Korean “Noonchi” and Its Chinese Equivalent Explained (in My Way)

People with some understanding of Korean culture, from foreigners living in Korea like me to businessmen ever dealing with partners in Korea, probably have heard about “noonchi” (눈치). If you haven’t, it is one thing better than “kimchi” you should know to impress a Korean friend. It is usually explained as the art of gauging the situation and acting accordingly mostly from observing the people around. (Urban Dictionary says it can also be the first name of a child. That’s either a joke or abhorrently irresponsible parents!)

There are many different Korean expressions with “noonchi” in them, where sometimes “noonchi” seems to mean the ability to read people or situations and make quick good judgement as in “to have noonchi” (눈치 있다), while other times it seems to mean the silent pressure on people so they act a certain way, as in “to give noonchi” (눈치 준다). So what on earth is “noonchi”?

After some research, I came across this explanation that originally 눈치 was written as 눈츼, which means something like “looking to one’s side without turning his or her head”. In real usage of the noonchi expressions, eye movements are not necessarily implied. But I found it very interesting. With this more tangible “side-look” image linked to noonchi, the above mentioned confusing phrases now make a lot more sense (to me). If nothing else, I think it is still a great mnemonic exercise. For example:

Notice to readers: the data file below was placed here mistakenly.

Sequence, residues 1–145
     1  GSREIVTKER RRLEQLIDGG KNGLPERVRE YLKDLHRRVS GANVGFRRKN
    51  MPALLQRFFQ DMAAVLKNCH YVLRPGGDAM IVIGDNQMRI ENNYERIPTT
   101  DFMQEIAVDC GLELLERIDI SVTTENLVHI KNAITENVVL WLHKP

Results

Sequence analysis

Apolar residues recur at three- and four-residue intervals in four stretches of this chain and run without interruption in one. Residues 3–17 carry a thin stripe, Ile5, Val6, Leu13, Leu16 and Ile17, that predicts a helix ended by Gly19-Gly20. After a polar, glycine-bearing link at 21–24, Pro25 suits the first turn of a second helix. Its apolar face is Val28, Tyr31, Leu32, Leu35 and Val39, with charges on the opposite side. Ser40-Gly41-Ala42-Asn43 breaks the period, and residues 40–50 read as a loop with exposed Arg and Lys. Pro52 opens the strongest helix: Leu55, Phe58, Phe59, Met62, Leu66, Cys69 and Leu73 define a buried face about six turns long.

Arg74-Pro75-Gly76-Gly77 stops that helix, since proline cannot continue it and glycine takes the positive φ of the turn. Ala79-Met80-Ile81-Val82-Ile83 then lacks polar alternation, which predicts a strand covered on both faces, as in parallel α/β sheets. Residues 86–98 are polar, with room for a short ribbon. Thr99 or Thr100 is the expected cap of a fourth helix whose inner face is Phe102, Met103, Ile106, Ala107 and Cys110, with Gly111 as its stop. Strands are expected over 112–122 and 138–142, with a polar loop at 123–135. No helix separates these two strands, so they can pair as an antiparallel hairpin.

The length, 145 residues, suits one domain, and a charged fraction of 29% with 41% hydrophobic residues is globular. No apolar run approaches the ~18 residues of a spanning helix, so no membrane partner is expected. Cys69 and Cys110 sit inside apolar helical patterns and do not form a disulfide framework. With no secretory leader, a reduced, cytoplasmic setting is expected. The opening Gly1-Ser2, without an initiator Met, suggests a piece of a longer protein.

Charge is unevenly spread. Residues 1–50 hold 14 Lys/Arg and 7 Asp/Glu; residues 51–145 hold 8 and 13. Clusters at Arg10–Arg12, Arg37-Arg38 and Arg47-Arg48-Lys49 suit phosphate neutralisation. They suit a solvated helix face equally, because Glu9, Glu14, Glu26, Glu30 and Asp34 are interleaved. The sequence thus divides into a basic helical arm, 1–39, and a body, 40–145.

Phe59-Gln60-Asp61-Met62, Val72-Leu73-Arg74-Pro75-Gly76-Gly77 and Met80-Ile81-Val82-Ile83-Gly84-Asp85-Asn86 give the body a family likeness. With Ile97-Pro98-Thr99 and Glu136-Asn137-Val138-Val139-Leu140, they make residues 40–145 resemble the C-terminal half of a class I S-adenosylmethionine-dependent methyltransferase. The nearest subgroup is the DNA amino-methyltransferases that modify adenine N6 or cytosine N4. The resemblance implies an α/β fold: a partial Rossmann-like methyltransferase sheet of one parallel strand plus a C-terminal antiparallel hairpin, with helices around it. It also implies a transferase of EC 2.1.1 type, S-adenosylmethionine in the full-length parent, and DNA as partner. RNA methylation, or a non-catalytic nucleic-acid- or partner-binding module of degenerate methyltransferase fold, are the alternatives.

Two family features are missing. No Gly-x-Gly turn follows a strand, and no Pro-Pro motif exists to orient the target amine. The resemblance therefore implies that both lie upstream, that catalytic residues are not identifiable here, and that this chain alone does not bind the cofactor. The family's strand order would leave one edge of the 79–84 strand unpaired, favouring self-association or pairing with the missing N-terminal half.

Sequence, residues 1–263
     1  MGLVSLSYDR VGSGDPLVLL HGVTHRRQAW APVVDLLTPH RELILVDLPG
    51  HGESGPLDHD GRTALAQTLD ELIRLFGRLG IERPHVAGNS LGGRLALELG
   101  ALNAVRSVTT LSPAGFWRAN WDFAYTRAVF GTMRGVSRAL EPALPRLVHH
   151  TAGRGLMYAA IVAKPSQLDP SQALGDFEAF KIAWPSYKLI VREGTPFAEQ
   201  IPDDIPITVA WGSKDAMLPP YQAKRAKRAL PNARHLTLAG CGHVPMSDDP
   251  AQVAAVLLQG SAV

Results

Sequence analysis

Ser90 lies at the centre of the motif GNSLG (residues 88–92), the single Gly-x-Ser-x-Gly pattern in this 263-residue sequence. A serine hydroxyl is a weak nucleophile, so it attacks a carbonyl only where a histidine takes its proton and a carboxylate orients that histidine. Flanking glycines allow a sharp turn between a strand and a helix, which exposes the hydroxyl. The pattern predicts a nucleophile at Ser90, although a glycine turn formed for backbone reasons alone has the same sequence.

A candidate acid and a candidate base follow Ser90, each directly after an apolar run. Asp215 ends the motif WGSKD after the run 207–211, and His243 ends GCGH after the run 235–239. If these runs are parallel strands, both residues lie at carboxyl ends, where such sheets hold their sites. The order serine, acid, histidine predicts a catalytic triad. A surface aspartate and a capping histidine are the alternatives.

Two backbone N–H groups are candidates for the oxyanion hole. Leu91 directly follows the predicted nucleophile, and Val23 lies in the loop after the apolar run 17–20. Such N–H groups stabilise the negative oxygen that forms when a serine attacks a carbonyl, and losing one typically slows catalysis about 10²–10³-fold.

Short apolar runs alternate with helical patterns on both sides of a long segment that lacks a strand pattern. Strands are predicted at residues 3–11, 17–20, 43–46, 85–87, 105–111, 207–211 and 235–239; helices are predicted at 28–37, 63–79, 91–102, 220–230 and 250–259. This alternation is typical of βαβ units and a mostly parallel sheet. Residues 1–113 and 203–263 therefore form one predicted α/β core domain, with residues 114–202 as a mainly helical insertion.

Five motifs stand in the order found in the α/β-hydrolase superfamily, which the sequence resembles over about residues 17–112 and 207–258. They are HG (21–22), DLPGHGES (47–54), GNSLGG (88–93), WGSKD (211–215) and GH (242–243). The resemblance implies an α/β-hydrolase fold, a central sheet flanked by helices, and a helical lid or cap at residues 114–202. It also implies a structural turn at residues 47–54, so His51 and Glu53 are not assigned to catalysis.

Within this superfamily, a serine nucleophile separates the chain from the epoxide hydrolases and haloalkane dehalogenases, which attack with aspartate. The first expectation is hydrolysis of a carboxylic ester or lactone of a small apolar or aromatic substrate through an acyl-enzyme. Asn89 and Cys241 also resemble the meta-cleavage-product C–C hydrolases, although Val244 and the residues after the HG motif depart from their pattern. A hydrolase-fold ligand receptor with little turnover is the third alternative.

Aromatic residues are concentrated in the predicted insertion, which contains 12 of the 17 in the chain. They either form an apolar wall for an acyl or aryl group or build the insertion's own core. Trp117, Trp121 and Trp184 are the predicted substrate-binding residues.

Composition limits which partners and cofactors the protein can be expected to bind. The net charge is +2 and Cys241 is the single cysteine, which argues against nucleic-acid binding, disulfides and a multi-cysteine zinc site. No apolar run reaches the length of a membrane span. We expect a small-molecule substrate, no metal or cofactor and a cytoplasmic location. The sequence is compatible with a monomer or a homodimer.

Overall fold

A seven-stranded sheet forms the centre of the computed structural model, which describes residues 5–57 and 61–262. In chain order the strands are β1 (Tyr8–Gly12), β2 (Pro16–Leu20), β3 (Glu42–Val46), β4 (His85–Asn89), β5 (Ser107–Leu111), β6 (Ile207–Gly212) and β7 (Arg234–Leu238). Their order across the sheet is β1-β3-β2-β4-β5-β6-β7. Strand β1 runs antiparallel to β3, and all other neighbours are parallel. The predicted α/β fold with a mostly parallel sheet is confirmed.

To have/not have the side look (noonchi) (눈치 있다/없다)

Imagine somebody can quickly look at and have a good grasp of what’s going on in their surroundings without even turning his or her head, that is some sort of emotional intelligence! Thus it naturally translates to having quick wits and ability to read situations and people’s intention.

To give / get the side look (noonchi) (눈치 준다/ 눈치 채다)

Imagine your best friend asking your new boyfriend whether you guys want kids and warning you of the ticking clock when they meet for the very first time. Feeling awkward, you look (if not stare) at her from the corner of your eye, hoping she would see you giving her the side look, get the hint and change the topic. Here you are trying to silently give somebody a hint or signal, sometimes even pressure, to make him or her act a certain way. By the way, my friend apparently didn’t get the noonchi. But in retrospect, I am glad she didn’t. At least I knew right away that this was not a guy who would be easily scared away.

To look at somebody’s side look (noonchi) (눈치 본다)

Well, imagine every time you try to call it a day and leave the office at 6PM, your boss gives you noonchi by watching you from her seat without directly turning her head to you. If you are a person with noonchi and you know she is not happy about it, next time before you leave, you will stand up from your seat and secretly look around to see whether she is looking. If she is, you pretend you have just stood up to stretch and sit back down. You could be looking at one person’s side looks, or many people’s side looks, because you feel pressure which usually makes you more hesitant or cautious in doing something. Disclaimer: this is a very stereotypical Korean workplace setting. The company, especially the team, I’m working in has nothing like that. (nervously looking… just kidding. :P)

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